Things accelerate quickly, as Natsuo comes right out and demands Shuu end it. Shuu is non-committal, and when he tells Hina he still needs more time before he can divorce his wife, Rui throws a glass of water in Shuu’s face and runs off. Natsuo catches up to her, to be a shoulder to cry on. This whole process of confronting Hina’s affair has definitely brought Natsuo and Rui closer together. Neither of them are happy with how things turned out, and both are in agreement that they want Shuu out of the picture.

Ultimately, however, it’s up to Hina to make the choice. Shuu seems fine with the status quo being maintained indefinitely, where he’s with both women and doesn’t have to take responsibility one way or the other. The next morning, Rui’s eyes are puffy from crying all night, and doesn’t speak to Hina when she suggests they go shopping together for a birthday gift for their mom.

Natsuo, meanwhile, is off to visit his mother’s grave. We get a flashback to ten years ago: Natsuo was in first grade, and a crybaby. Worried about, well, worrying his mom once she passes away, he resolves not to cry, even at the funeral where it’s expected. He wishes she were still alive, and wonders how life would be if that were so.

Then he’s surprised to find Hina and Rui join him at the grave. They’ve come to formally introduce themselves to his mom and give offerings. Hina also informs Natsuo that she’s broken up with Shuu. Natsuo is delighted, and Rui is beaming. Hina even says she’s been thinking about doing it anyway due to Shuu’s half-year-long reluctance to leave his wife.

What stopped her from leaving him was her genuine love for him…but ultimately family came first. She couldn’t go on with Shuu knowing it made them so unhappy. The show seems to be taking Natsuo and Rui’s side in this instance, but will things really be that simple as Hina pulling the plug? And what of Shuu’s observation that Hina doesn’t seem to treat Natsuo like a kid? I forsee more potholes on the road of familial bliss. This is a drama, after all—not…some kind of…“constantly happy times-having” show…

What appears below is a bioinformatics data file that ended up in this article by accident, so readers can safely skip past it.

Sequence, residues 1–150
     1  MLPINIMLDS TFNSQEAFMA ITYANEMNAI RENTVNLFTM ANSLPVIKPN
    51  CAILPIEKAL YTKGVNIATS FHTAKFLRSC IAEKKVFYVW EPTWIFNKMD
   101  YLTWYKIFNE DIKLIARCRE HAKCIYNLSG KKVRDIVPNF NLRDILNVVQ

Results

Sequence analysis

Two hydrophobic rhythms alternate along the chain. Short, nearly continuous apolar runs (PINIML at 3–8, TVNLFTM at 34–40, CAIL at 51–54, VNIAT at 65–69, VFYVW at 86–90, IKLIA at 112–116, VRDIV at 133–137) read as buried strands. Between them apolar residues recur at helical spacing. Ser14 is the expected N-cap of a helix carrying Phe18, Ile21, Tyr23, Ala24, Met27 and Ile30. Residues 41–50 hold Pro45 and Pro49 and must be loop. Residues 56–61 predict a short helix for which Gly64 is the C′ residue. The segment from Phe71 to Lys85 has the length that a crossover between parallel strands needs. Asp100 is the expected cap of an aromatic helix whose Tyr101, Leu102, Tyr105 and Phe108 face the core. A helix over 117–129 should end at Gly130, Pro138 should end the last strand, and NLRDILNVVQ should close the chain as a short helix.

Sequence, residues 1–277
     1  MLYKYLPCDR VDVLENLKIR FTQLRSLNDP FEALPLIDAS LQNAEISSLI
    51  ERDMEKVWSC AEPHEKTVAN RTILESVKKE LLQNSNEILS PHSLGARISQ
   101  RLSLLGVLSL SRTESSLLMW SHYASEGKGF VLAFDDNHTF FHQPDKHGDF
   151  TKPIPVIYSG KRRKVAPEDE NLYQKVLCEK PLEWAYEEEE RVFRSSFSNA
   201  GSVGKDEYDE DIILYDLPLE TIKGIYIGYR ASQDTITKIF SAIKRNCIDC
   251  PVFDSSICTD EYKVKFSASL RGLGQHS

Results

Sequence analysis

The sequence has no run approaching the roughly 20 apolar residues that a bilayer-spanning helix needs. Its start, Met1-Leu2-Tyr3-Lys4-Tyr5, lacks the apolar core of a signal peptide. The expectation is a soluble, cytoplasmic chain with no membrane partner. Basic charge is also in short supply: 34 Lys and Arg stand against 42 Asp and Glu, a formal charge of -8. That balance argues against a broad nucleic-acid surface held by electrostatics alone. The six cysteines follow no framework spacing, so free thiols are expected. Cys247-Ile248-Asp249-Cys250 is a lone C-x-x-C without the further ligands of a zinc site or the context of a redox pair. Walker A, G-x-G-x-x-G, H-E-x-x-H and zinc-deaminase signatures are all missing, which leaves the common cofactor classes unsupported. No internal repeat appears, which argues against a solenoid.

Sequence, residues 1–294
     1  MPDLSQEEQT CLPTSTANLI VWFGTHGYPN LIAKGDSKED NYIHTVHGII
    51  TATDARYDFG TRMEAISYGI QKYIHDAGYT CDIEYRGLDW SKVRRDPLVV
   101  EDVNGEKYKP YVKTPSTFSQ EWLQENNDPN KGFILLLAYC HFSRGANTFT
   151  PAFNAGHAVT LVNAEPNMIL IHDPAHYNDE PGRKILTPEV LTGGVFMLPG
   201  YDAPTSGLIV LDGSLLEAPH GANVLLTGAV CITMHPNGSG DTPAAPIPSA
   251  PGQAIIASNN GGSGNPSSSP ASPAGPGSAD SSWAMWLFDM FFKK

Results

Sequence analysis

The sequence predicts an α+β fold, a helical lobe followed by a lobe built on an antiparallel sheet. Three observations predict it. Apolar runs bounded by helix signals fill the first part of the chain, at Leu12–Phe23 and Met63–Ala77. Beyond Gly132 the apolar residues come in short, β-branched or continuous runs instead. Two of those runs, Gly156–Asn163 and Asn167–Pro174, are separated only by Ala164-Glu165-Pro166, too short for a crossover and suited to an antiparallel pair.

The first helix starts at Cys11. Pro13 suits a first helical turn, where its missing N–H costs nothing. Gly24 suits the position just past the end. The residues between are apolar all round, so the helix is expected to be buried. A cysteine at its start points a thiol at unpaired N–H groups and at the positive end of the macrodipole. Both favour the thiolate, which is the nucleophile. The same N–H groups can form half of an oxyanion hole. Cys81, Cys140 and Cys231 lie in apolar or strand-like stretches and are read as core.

Domestic na Kanojo – 03 – The Scary Realm of Adults

Natsuo visits his best friend at the cafe where he works, and describes the incident with Hina and her boyfriend last night. His friend diagnoses Natsuo as jealous, and he can relate. He observes women stuck in non-ideal or flat-out bad relationships at the cafe all the time, and jokingly(?) wishes they’d just break up and date him. Like the young “office lady” who is in an affair with a married man. His friend later spots that woman outside, and to Natsuo’s shock, it’s Hina.

Not only is Hina doing something morally questionable by sleeping with someone else’s husband, but she’s doing something contrary to Natsuo’s perfect ideal of her up to that point. Like catching her crying on the rooftop and then watching her drink herself to sleep, it’s another crack in that facade.

When he confronts her at home, she kindly tells him to stay out of her business, as she dwells within the world of adults where kids like him shouldn’t set foot, and that’s basically that. Then Natsuo kisses her, she shoves him back, slaps him, then kisses him back.

Before Natsuo knows it, he’s being pushed onto the bed by Hina, but she stops when she sees his eyes, which she immediately detects as those of a child. He may have thought his stolen kiss was bold and cool, but she can sense his fear now that she’s responded to it.

With that, she gets off of him and shows him the door. It may have been harsh, but Hina is right that her business is her own, and she gave him fair warning not to stray into it. Also, Natsuo initiated with the kiss. That being said, she doesn’t feel good about having but Natsuo in his place. Indeed, she feels like shit/